A consultant is a newly formed role on the Retrievers team that helps us handle cases more efficiently. The idea is that a consultant helps get the case started in the right direction by guiding the owner during the critical awareness stage. Because this guidance is provided by phone, text, email or Facebook message, the consultant can help any dog, anywhere, enabling cases to be handled quicker because they don’t depend on the availability of a case manager who’s geographically close by.


If the dog has not been seen since going missing, the case is handled by a consultant, who guides the owner during the awareness phase. The consultant calls the owner, introduces themselves as their primary contact for the Retrievers. They make sure the owner is working on signs and discuss where they should be distributed. They prepare a Google map with suggested sign locations and send the owner a link. They also let the owner know that help is available through the community, and recommend they join our community support Facebook group to reach out for local volunteers. 

(Behind the scenes, awareness coordinators on the team are sharing flyers for the dog online in the immediate community where the dog went missing. Other team members called “sleuthhounds” are scouring found dog listings on social media and in shelters.)

In a day or two, the consultant checks back in with the owner to make sure that the signs are being deployed. Throughout the awareness phase, the consultant and owner are in close contact, planning when and how to expand sign/flyer awareness if there have not been any sightings. The consultant may request that the awareness coordinator expand online awareness outward to extended communities and that the sleuthhound continue to search for the dog online.


The consultant coaches the owner on how to respond to a sighting, i.e., using calming signals, avoiding eye contact, not calling out or approaching the dog, etc. If the dog cannot be caught by hand, the consultant informs the team that the case is ready for a case manager. The consultant introduces the owner to the case manager, who arranges to deploy a monitored feeding station. if the dog continues to come to the feeding station, a trap is deployed and the dog captured. If there is no case manager near enough to put boots on the ground, a case manager provides remote consultation on building a trap, improvising an enclosure or devising other creative methods for capturing the dog.


If the dog is seen once and then not again regularly, the consultant continues to work with the owner to strategically move signs and build awareness in the area where the dog may have gone. The case manager is re-engaged when there is another confirmed sighting.


Yes, you can perform both roles if you like. But just remember that fewer than 20% of our cases progress to a feeding station/trapping scenario. Once it does, though, it’s a time-intensive process. Consultants work on a rotation, meaning that cases are taken by each in turn. Be aware that you’ll still need to stay in the rotation as a consultant and handle other cases while you work on trapping the dog, so be wary about trying to take on too much.


  • The consultant is the main point of contact for the client during the awareness phase.
  • As soon as possible after the initial First Responder call, the consultant makes contact with the owner and works out a plan for raising awareness of the lost dog. Methods include providing Retrievers intersection signs for the owner to pick up, or providing a link to a tutorial showing how the owner can make their own.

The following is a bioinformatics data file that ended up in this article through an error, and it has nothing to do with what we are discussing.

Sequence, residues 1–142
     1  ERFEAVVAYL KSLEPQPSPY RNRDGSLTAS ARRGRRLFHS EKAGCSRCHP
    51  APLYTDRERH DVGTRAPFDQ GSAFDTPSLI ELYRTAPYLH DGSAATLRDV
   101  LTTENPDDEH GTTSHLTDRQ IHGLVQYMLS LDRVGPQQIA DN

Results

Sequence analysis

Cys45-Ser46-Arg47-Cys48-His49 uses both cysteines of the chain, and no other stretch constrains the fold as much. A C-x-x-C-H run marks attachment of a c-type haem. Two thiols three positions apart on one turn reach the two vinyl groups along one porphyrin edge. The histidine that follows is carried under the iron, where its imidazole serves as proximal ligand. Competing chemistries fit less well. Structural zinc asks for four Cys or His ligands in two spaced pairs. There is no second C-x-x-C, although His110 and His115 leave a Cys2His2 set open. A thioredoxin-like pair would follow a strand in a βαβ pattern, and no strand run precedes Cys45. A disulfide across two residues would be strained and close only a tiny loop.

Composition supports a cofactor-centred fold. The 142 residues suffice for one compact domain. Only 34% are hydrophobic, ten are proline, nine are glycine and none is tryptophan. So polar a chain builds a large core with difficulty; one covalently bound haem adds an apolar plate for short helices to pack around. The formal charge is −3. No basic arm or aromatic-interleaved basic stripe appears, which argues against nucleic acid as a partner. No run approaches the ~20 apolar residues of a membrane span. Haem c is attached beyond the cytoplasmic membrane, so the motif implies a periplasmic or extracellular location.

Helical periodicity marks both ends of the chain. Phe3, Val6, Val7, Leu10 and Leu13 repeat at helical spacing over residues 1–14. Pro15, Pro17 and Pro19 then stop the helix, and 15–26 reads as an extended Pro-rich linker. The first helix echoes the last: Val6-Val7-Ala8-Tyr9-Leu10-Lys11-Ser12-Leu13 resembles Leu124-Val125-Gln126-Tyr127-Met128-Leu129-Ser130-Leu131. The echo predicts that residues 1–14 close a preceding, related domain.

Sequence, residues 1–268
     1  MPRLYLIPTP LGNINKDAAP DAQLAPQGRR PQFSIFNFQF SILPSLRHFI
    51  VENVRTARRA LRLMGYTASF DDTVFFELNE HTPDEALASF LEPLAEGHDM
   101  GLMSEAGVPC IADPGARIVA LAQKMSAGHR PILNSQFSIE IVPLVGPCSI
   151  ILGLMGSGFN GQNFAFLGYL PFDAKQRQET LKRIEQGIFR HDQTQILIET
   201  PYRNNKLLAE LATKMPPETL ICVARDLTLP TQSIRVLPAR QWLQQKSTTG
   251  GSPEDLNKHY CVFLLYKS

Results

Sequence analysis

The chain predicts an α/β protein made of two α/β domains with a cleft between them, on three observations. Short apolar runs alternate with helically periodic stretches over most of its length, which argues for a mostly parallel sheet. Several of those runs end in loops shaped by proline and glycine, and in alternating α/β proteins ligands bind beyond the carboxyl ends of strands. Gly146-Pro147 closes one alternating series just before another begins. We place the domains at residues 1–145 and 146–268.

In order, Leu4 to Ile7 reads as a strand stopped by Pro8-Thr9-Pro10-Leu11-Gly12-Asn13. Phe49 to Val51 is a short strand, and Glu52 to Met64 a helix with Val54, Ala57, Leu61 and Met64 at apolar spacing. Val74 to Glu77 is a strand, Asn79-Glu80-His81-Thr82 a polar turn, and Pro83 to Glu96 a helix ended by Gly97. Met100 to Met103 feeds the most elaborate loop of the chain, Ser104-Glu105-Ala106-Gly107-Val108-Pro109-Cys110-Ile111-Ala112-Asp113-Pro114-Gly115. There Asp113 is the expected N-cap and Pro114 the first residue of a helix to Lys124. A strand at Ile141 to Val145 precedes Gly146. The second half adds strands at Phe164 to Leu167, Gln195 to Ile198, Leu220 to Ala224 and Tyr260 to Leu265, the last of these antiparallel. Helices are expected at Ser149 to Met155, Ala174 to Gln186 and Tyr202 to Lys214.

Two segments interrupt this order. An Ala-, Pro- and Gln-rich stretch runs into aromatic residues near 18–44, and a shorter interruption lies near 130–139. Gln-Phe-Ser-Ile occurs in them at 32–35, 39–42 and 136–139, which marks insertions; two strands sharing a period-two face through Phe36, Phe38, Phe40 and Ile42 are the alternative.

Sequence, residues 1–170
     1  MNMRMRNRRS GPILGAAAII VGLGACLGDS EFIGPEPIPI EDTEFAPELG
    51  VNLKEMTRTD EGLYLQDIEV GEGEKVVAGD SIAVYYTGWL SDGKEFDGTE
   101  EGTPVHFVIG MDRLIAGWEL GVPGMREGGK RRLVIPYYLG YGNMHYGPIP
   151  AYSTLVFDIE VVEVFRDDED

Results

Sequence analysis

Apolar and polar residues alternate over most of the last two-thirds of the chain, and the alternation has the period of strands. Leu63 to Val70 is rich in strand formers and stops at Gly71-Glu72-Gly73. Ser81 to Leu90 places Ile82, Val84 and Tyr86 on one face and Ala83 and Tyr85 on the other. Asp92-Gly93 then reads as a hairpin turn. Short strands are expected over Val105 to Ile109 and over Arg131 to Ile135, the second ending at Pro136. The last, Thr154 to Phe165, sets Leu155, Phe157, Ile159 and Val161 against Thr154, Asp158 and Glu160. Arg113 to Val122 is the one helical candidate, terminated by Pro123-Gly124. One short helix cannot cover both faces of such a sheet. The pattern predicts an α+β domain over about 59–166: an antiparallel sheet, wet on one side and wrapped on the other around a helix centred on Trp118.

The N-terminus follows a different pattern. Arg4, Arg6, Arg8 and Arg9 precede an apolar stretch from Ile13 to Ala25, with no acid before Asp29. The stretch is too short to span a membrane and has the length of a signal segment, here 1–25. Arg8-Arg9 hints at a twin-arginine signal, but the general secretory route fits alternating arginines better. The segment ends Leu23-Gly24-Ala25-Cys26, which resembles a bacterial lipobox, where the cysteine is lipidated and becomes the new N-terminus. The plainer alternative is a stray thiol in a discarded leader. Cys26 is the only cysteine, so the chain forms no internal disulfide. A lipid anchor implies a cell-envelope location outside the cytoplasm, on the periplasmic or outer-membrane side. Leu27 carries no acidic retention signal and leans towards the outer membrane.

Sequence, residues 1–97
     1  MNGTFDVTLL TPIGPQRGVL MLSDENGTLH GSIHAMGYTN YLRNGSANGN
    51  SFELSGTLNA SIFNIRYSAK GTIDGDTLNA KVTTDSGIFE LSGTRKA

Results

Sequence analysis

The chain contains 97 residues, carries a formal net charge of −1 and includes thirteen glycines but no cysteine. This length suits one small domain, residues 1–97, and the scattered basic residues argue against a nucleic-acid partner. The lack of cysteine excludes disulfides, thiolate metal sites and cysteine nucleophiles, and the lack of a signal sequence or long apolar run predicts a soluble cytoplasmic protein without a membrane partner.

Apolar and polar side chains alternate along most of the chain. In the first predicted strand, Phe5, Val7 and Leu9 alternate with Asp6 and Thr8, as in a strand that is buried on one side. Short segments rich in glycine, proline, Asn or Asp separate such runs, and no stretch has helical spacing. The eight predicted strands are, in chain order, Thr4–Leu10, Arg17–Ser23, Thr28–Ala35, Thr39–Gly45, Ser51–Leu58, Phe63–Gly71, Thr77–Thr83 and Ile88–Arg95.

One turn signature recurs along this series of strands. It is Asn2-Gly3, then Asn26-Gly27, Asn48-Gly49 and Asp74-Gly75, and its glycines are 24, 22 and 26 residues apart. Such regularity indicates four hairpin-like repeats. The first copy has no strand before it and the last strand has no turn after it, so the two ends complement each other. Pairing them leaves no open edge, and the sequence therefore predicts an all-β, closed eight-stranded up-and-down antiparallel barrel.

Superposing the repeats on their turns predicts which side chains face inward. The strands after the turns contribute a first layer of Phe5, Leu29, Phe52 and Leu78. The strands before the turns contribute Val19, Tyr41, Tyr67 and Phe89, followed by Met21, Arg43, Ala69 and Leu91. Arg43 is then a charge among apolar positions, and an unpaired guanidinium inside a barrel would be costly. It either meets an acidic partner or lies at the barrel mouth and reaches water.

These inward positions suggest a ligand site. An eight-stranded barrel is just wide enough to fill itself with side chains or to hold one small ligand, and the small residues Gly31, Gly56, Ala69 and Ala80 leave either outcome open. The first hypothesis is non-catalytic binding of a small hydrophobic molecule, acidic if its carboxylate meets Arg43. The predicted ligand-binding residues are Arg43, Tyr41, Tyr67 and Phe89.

• The consultant informs the owner that sign inserts and flyers will be delivered by the graphics designer for them to print and use.
  • The consultant creates a Google Map and indicates a radius where signs should be placed.
  • The consultant explains what else is being done behind the scenes by the Retrievers, i.e., social media sharing by an awareness coordinator and shelter/listing searches by a sleuthhound.
  • The consultant provides a link to a Facebook page where the owner can ask for help from volunteers in their community.
  • Because there is no need for geographic proximity to the case, consultants work on a rotating basis, taking the next case in line regardless of location.
  • The consultant monitors the case thread to ensure that supplemental support is being covered, i.e., social media shares by the AC are being reported along with a search report from the sleuthhound.
  • The consultant works with the owner until the dog is found and hand-caught, or until sightings indicate the need for a trap. The consultant then notifies the Intake Coordinator to upgrade the case to Level II (Feeding Station/Trapping Phase).
  • The consultant may be called upon to restart awareness efforts with the owner if the dog leaves the area and is no longer being seen.
  • Throughout the case, the consultant provides status updates on the dog’s case thread in the Retrievers’ Den


  • Ability to volunteer a minimum of 10 hours a week
  • Self-starter, good problem-solver and highly self-motivated
  • Active Facebook account
  • Above-average computer skills
  • Familiarity with Google Maps
  • Comfortable using social media
  • Excellent communication and interpersonal relationship skills
  • Knowledge of lost dog awareness methods and lost dog behavior
  • Strict adherence to client and team confidentiality
  • Enjoy working as part of a team
  • Located within the State of Minnesota or in a neighboring state within 50 miles of state line
  • Attendance at the team’s annual meeting held in the greater Twin Cities metro area


  • Highly flexible schedule
  • Assist on the ground with feeding station maintenance, trap monitoring and ground searches
  • Help out at occasional Retrievers public events